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Initiative: Democracy & Disorder
Russia's President Vladimir Putin (R) shakes hands with China's President Xi Jinping during a meeting on the sidelines of the G20 summit in Buenos Aires, Argentina November 30, 2018. Picture taken November 30, 2018. Sputnik/Mikhail Klimentyev/Kremlin via REUTERS  ATTENTION EDITORS - THIS IMAGE WAS PROVIDED BY A THIRD PARTY. - RC1AB6752940
Report

The strongmen strike back

The Washington Post
Editor's Note:

Authoritarianism has returned as an ideological and strategic force, writes Robert Kagan. And it returns at just the moment when the liberal world is suffering a major crisis of confidence. This piece was originally published by The Washington Post.

Executive Summary

History’s Revenge & The Future of CompetitionToday, authoritarianism has emerged as the greatest challenge facing the liberal democratic world—a profound ideological, as well as strategic, challenge. Or, more accurately, it has reemerged, for authoritarianism has always posed the most potent and enduring challenge to liberalism, since the birth of the liberal idea itself. Authoritarianism has now returned as a geopolitical force, with strong nations such as China and Russia championing anti-liberalism as an alternative to a teetering liberal hegemony. It has returned as an ideological force, offering the age-old critique of liberalism, and just at the moment when the liberal world is suffering its greatest crisis of confidence since the 1930s.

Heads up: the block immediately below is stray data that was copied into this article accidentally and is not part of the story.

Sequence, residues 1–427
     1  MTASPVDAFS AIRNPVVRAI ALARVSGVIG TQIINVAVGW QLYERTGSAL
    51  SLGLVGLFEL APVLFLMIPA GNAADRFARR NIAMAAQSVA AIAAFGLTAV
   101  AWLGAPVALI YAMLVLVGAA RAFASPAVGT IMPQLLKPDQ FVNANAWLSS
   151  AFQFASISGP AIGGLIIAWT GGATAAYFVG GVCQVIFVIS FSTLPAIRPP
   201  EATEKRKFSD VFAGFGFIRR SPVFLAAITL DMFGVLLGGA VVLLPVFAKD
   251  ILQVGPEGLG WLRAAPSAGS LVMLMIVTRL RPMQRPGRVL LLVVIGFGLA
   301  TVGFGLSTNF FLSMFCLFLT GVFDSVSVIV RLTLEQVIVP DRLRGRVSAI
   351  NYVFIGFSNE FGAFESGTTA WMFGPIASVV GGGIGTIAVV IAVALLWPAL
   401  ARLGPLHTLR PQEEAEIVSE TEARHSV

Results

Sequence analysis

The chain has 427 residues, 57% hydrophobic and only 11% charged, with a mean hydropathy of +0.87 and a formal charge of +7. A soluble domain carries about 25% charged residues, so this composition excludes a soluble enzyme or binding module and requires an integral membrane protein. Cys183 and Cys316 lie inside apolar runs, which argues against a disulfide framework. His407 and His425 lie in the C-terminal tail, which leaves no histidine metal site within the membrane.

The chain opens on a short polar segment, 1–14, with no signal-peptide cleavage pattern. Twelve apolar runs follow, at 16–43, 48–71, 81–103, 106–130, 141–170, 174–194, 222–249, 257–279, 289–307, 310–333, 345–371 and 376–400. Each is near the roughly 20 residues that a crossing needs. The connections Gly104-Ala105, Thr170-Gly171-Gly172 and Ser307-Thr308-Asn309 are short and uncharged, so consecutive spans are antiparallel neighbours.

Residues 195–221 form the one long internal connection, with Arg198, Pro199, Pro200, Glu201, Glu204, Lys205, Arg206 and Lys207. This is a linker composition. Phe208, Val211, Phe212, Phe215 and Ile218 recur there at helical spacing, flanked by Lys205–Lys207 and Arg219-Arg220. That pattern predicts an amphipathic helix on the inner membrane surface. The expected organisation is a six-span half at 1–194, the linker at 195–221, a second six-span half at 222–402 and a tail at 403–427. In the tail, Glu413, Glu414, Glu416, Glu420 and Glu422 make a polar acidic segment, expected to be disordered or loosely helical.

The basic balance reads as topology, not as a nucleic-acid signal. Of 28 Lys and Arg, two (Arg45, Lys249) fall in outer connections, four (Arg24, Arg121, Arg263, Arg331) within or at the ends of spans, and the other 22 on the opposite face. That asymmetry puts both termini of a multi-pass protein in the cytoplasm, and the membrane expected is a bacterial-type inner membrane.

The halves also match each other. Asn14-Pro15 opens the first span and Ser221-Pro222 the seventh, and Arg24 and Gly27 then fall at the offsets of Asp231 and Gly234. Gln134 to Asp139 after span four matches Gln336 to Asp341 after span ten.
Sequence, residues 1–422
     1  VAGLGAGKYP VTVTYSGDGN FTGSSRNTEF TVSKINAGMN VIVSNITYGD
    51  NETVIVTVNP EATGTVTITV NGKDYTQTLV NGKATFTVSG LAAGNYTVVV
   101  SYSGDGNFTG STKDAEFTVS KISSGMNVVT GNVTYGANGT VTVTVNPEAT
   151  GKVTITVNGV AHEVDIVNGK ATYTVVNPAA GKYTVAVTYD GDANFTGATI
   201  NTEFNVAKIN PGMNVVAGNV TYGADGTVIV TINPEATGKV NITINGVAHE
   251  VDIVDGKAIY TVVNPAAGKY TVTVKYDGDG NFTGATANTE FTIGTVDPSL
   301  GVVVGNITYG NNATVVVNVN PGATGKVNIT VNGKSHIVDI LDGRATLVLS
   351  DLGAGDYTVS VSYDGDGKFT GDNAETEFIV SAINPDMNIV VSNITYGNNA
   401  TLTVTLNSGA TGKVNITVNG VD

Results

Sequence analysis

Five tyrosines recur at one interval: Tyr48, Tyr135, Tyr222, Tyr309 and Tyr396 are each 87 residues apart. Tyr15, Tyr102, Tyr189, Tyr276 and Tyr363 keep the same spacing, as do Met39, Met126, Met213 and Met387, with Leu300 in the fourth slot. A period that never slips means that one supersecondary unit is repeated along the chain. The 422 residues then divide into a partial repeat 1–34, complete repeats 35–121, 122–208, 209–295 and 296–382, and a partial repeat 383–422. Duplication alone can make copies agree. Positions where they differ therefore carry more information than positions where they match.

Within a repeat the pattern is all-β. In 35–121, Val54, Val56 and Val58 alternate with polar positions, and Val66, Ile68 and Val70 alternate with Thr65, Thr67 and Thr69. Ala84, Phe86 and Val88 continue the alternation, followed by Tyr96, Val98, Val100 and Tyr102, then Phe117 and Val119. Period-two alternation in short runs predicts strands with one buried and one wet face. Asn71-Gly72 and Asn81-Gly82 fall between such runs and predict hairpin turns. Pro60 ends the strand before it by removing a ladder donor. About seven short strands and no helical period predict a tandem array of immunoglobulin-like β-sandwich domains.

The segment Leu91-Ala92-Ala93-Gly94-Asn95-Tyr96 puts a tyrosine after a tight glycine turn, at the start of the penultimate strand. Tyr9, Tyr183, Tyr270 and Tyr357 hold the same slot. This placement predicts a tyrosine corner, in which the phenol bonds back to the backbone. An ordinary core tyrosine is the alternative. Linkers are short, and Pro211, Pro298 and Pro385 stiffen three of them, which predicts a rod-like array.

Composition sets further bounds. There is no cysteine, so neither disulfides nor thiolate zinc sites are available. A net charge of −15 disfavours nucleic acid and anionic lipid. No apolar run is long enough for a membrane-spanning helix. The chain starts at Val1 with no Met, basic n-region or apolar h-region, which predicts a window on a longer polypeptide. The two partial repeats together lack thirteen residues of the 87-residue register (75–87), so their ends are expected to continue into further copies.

Author

It has returned armed with new and hitherto unimaginable tools of social control and disruption that are shoring up authoritarian rule at home, spreading it abroad and reaching into the very heart of liberal societies to undermine them from within.

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